Ed.D. 1988 – University of Georgia at Athens, Social Science Education
M.A. 1984 – University of Georgia at Athens, Global Education
B.A. 1982 – Beijing Capital Normal University, China, Chinese Language & Literature
Areas of Expertise
Transnational Migration and Education of Immigrant Children
International Education Focusing on Education in China & Several Other Asian Countries
Educational Demography & Mixed Research Methodologies
Social and Cultural Foundations of Social Studies
Social Studies Methods (Grades 9-12)
Diversity Education and Education of Asian Americans
Born in Hong Kong and raised in Beijing, Xue Lan Rong uses her personal and professional backgrounds to create a learning environment in which students gain knowledge, skills and civic values while exploring issues of social consciousness, international affairs and lifelong learning. Her 25-year career includes teaching, research, consultative and administrative experience in the United States and China, including six years as a K-12 literature, history and geography teacher in rural and urban areas of the People’s Republic of China.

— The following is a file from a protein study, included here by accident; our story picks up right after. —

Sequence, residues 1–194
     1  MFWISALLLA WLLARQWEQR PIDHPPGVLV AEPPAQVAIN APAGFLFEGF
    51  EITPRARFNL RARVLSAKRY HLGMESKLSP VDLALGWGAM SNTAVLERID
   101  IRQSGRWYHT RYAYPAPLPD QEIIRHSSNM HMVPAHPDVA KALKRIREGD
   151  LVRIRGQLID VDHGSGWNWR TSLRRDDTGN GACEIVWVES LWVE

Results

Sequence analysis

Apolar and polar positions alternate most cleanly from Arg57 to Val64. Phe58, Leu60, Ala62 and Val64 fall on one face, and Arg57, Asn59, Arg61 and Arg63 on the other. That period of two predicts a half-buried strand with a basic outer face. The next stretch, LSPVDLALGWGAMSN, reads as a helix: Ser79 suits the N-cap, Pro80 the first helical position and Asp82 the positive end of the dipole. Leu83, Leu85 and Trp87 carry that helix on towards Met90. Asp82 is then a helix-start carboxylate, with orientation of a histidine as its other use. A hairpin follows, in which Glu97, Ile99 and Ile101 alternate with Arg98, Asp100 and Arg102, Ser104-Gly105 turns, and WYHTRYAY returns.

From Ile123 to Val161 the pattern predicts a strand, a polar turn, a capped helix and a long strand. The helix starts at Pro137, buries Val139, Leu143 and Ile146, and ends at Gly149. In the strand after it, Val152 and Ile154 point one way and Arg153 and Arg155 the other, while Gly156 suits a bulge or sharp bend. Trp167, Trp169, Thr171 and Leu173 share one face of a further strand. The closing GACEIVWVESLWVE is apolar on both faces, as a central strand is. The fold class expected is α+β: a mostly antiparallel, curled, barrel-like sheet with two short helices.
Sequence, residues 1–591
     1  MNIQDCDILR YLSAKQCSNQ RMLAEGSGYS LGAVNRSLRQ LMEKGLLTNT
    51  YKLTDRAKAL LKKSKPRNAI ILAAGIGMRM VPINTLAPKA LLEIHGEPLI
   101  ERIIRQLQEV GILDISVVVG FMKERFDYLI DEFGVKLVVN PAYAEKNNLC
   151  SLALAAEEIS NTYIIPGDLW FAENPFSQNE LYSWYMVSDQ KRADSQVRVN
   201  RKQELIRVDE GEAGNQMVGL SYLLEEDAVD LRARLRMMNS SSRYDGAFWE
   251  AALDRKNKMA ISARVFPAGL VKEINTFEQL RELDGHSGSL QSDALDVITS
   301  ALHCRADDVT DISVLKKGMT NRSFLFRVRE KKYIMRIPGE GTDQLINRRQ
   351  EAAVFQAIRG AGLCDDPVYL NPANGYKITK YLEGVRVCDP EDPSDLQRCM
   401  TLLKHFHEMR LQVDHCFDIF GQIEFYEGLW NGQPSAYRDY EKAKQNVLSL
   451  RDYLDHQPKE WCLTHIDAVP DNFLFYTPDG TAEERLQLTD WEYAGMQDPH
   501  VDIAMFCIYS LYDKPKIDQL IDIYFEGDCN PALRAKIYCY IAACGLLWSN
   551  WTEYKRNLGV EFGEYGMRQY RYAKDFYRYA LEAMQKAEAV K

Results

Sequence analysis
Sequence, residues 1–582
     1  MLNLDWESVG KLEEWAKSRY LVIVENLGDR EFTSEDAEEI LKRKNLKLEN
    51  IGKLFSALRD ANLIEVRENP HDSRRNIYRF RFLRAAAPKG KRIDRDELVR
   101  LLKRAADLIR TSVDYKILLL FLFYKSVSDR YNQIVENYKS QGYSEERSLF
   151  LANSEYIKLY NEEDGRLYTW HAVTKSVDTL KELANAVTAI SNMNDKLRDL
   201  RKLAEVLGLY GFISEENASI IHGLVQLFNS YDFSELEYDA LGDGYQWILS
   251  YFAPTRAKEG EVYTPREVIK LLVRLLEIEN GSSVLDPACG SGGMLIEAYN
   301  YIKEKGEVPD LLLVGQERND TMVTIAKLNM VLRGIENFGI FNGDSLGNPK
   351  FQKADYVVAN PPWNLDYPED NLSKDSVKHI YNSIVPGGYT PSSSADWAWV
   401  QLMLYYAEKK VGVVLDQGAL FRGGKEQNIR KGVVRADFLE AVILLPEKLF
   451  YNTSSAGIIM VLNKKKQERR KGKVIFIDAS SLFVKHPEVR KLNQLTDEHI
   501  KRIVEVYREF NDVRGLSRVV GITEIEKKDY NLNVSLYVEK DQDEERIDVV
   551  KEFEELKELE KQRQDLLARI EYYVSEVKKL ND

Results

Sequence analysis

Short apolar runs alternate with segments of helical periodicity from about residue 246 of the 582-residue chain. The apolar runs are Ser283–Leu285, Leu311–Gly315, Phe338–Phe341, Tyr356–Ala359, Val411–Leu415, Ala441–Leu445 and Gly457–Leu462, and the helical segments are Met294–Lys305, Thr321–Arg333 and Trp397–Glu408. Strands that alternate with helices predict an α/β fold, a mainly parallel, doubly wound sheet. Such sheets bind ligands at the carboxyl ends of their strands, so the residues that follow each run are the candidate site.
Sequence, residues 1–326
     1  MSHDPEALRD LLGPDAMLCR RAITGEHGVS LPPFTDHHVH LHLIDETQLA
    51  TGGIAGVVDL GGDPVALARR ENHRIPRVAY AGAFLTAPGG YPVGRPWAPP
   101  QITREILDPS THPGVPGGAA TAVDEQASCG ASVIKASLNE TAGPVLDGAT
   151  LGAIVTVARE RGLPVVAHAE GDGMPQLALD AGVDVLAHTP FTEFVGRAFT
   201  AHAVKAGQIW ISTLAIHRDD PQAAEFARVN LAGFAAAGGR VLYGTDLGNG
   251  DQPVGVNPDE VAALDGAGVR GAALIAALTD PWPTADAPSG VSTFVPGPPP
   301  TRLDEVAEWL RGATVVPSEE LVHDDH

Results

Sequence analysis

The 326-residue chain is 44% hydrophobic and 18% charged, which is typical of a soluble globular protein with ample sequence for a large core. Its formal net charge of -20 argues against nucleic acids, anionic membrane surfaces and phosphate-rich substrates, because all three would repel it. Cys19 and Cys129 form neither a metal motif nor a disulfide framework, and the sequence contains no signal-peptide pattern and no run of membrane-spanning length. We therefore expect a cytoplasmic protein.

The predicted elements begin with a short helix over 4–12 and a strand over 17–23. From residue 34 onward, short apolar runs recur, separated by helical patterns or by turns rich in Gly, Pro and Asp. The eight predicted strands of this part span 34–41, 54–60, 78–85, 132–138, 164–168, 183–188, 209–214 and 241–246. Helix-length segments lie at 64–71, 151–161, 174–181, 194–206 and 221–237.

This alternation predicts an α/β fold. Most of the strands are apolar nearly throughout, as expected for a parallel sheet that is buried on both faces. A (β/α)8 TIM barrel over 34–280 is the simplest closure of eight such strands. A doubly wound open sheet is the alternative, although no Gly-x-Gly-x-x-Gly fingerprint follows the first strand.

Inspired to make a real difference in children’s lives and the society in which they live, Rong uses interdisciplinary research to explore three aspects of educational equality: the education of immigrant children of various ethnic groups; the education of Asian-American children and education in China – especially the education of migrant children in China’s urbanization movement.
Rong’s major contributions to her field include elaborations on theories that conceptualize the relationship between variable educational achievement patterns and the multiple stages of children’s socialization into American society. Her more recent studies, framed with transnational/transcultural migration theories and applying quantitative and qualitative methodologies, attempt to link the updated theories and research findings to educational policies and practices. This research seeks to provide recommendations for schools, immigrant families and their communities so they can help immigrant children adjust to school and society. On the basis of this research, Rong is expanding her research to the transition of rural-urban migrant children in China’s urbanization process, the initial responses from China’s educational systems and its short-and long-term consequences.